PARIS: Scientists have made a breakthrough by discovering how the breast cancer tumours of a quarter of patients resist chemotherapy treatment. Drugs used to ‘starve’ tumours of the hormone that helps them grow often fail because the cancerous growths create their own supply, the researchers found. The breast cancer drugs, called aromatase inhibitors, operate by stopping the woman’s body from producing oestrogen. But tests showed that the tumour cells produce extra copies of genes for the aromatase enzyme which allows them to make oestrogen. Dr Luca Magnani, from Imperial College London, said: ‘For the first time we have seen how breast cancer tumours become resistant to aromatase inhibitors. ‘The treatments work by cutting off the tumour’s fuel supply – oestrogen – but the cancer adapts to this by making its own.’ About 70 per cent of breast cancers are stimulated by oestrogen. Another drug, tamoxifen, blocks the receptors on tumour cells that enable them to respond to the hormone. Regardless of a tumour’s ability to create its own oestrogen, tamoxifen and aromatase inhibitors eventually stop working in about one in three patients anyway, and scientists are keen to find out why.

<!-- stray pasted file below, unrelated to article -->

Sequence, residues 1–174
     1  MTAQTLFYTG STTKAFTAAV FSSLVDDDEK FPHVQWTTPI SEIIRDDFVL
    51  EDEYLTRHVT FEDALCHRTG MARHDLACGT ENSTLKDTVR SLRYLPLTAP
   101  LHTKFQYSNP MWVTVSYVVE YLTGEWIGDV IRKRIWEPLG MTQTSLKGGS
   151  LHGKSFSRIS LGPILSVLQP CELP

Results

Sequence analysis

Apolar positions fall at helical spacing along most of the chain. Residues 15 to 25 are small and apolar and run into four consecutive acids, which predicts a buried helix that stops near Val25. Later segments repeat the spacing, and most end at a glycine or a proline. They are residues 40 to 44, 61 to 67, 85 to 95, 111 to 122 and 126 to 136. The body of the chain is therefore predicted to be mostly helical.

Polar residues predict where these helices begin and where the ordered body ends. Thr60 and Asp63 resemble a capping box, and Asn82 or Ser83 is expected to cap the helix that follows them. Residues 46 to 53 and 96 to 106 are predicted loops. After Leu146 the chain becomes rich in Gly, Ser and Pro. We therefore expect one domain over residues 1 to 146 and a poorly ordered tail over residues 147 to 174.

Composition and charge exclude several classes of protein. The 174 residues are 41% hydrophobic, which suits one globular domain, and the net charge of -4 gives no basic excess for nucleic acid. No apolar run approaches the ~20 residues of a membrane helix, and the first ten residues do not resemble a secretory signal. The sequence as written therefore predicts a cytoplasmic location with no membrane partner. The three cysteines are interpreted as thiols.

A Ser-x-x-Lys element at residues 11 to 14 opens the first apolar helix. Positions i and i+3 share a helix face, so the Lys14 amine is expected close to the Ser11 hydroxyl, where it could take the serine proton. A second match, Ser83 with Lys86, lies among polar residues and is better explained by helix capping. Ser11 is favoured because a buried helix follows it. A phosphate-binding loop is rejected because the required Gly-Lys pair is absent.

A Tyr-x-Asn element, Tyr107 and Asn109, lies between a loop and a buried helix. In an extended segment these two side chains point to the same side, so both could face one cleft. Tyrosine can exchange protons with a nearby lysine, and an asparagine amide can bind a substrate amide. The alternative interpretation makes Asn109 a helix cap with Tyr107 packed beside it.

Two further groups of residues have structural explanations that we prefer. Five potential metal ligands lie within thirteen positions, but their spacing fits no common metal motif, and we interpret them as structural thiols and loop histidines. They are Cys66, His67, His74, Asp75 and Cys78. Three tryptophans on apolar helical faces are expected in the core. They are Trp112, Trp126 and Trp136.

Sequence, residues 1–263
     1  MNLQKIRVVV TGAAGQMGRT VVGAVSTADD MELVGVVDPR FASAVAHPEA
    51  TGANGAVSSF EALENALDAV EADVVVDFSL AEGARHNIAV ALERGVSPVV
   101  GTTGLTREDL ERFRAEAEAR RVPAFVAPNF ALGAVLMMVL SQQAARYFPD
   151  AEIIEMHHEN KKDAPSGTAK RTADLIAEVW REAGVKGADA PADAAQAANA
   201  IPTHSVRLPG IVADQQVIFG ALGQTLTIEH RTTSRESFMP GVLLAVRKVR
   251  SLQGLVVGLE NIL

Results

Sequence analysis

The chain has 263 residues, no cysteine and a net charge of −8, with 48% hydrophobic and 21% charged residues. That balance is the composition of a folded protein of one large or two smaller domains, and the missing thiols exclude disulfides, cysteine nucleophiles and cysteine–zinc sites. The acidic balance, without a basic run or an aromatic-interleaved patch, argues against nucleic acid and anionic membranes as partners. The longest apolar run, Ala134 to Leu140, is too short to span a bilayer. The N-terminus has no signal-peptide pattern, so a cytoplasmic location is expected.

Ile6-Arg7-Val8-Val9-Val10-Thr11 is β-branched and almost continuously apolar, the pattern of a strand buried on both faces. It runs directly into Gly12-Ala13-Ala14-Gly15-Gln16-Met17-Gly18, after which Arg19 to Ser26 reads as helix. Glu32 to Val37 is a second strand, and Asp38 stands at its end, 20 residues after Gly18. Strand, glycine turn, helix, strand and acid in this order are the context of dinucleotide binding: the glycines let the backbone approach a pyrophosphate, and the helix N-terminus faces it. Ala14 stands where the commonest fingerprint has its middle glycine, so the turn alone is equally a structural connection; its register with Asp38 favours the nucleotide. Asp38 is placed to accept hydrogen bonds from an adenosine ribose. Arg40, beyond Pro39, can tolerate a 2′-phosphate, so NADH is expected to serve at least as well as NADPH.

They are trying to develop a test that can identify patients whose cancer cells are starting to produce aromatase and oestrogen. Dr Magnani added: ‘In many cases when an aromatase inhibitor stops working in a patient, doctors will try another type of aromatase inhibitor. ‘However, our research suggests that if the patient’s cancer has started to make aromatase, this second drug would be useless. This is why we need a test to identify these patients.’ In the study, published in the journal Nature Genetics, tumour samples were taken from 150 women whose breast cancers had returned and spread. All the women were treated at the European Institute of Oncology in Milan, northern Italy. Dr Richard Berks, of the charity Breast Cancer Now, said: ‘This reveals a new way that the most common breast cancers can survive anti- hormone treatments. ‘By producing more aromatase, breast tumours could resist treatment and return elsewhere around the body, years or even decades after the disease first appeared. ‘Once breast cancer spreads it sadly becomes incurable, so we urgently need to tackle drug resistance. ‘It is critical we find ways to spot, at an early stage, whether a person’s breast cancer is becoming resistant to treatment so that they can be moved on to more effective options.’